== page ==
The investment will support research into cancer treatments and diagnosis
Cancer Research UK (CRUK) has announced its largest ever investment of £123m in Scotland as part of a seven-year commitment to the CRUK Scotland Institute.
The institute, which is facilitated in partnership with the University of Glasgow, will use the investment to support research into new and improved cancer treatments and diagnosis, as well as bolster Scotland as a major global hub for cancer research.
It will also aid in attracting research talent to the Scotland Institute and will support major studies into specific types of cancer that largely affect Scotland’s population, including liver, pancreatic, bowel and lung.
Despite mortality rates falling by 8% in the past decade, more than 34,000 people are diagnosed with cancer every year in Scotland.
Previously known as the CRUK Beatson Institute, the CRUK Scotland Institute studies the roots of how cancer begins, the genetics of cancer, and how the immune system responds to the disease with the aim of discovering new ways to screen for cancer and create potential new therapies.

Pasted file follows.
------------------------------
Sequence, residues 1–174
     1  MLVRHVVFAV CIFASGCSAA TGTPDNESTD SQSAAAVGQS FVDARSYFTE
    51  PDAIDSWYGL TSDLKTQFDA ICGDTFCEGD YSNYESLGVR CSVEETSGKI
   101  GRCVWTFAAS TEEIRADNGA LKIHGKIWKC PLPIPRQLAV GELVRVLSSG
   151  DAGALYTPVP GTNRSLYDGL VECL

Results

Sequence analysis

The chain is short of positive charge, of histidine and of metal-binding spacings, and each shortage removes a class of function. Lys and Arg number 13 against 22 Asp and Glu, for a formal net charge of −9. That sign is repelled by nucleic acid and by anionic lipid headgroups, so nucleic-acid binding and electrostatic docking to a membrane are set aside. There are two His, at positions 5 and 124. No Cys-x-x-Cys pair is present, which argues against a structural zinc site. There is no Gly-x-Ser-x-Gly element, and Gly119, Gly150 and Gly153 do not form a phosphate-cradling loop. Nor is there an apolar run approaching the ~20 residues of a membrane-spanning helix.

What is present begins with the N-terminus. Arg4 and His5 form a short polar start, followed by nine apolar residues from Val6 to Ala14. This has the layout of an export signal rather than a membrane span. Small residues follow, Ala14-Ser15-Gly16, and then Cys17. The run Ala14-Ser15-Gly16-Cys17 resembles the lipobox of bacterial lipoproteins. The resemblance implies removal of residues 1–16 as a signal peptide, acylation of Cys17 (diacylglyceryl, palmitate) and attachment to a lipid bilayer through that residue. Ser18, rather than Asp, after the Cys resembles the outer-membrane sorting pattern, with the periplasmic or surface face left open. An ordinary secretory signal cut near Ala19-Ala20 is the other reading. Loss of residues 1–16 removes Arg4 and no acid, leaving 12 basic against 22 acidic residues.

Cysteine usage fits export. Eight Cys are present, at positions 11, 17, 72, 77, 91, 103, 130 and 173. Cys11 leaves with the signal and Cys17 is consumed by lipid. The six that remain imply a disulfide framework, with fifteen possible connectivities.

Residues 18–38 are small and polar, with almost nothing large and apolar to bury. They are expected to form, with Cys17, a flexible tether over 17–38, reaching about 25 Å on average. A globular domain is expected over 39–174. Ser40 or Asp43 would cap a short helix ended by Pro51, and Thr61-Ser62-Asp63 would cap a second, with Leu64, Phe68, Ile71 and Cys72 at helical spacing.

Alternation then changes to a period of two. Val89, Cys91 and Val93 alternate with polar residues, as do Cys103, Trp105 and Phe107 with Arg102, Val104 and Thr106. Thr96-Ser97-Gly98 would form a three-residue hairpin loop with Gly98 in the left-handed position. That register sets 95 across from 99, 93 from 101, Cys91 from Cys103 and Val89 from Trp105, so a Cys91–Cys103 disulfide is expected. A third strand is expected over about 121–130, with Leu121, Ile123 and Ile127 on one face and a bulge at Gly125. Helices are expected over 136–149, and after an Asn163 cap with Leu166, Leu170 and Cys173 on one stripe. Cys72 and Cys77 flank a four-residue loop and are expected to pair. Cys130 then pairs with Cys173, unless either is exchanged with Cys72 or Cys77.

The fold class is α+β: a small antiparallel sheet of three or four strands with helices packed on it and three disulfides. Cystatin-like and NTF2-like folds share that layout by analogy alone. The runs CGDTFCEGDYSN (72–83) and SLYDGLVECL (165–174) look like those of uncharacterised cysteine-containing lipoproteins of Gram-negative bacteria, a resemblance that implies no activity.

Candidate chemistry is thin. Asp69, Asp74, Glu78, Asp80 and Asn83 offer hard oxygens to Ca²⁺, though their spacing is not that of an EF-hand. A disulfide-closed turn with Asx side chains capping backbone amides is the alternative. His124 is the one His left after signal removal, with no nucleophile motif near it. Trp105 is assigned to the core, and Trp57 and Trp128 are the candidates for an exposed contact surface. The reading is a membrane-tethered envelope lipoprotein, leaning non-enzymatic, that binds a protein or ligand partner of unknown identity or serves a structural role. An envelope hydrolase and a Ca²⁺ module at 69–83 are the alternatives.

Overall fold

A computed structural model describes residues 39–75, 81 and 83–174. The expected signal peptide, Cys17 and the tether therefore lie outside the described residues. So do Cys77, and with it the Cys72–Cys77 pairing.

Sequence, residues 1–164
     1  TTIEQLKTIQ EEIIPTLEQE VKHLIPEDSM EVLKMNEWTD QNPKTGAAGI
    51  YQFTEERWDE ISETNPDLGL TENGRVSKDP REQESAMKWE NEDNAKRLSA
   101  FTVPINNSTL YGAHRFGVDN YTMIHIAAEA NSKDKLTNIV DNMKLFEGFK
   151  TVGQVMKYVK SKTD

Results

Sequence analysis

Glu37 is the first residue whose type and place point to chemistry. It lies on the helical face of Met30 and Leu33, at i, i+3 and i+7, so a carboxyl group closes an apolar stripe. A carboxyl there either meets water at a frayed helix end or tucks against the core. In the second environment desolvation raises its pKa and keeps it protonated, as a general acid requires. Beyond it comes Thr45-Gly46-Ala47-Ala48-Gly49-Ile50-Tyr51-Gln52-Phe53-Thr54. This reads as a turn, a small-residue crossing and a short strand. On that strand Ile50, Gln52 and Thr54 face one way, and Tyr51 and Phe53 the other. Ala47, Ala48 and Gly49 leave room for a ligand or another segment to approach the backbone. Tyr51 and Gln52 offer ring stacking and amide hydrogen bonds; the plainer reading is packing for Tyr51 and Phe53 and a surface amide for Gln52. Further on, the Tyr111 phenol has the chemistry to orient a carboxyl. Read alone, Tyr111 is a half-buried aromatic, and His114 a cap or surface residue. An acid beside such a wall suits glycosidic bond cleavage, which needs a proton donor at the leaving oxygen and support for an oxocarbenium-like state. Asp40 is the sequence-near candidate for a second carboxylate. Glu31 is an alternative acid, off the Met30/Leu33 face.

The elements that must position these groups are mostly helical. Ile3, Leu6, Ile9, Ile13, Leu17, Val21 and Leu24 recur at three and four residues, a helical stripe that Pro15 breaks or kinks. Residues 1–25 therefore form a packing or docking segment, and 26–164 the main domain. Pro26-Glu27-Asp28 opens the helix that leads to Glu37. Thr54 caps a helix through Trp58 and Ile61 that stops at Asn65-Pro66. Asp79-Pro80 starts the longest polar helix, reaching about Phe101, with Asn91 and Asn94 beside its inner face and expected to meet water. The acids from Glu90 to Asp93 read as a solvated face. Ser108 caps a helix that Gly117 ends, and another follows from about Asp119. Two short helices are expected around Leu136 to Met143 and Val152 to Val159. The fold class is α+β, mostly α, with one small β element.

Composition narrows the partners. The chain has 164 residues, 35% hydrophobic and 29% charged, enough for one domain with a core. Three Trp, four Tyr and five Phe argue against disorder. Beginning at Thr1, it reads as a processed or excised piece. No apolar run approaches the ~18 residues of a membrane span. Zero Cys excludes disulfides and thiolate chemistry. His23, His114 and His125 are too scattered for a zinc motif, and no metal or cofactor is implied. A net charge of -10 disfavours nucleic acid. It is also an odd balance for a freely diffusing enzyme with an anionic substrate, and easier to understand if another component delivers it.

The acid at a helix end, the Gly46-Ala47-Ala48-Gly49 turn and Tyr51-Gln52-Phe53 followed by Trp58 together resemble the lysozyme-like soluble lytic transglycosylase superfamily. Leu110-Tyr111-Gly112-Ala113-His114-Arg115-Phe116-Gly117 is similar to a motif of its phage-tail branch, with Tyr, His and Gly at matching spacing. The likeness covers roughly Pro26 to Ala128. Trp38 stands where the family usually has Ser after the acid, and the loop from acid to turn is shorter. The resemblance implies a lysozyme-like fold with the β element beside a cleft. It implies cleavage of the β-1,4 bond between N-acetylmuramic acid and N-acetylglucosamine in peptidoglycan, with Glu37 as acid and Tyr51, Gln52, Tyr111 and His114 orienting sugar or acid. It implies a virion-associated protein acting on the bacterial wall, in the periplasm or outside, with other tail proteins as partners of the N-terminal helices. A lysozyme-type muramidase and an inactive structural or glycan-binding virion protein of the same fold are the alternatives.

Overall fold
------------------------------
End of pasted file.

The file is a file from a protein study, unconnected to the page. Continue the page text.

Most recently, in a study focused on imaging in bowel cancer using mouse cell models of bowel cancer, researchers suppressed the adenosylhomocysteinase (AHCY) enzyme, a key to the growth of bowel cancer, and found that cancer growth slowed down.
The new funding could help the Institute discover more potential treatment targets, such as AHCY, for cancer.
"This investment reflects our confidence that Scotland can go even further in becoming a major competitor on an increasingly competitive worldwide cancer research stage as we aim for a ‘golden era’ of life sciences," said Michelle Mitchell, chief executive of Cancer Research UK.
Michael Matheson, Scotland's health secretary, said: "We welcome Cancer Research UK’s announcement of renewed funding for the Cancer Research UK Scotland Institute."
He added: "This funding will help ensure it continues its internationally recognised research work."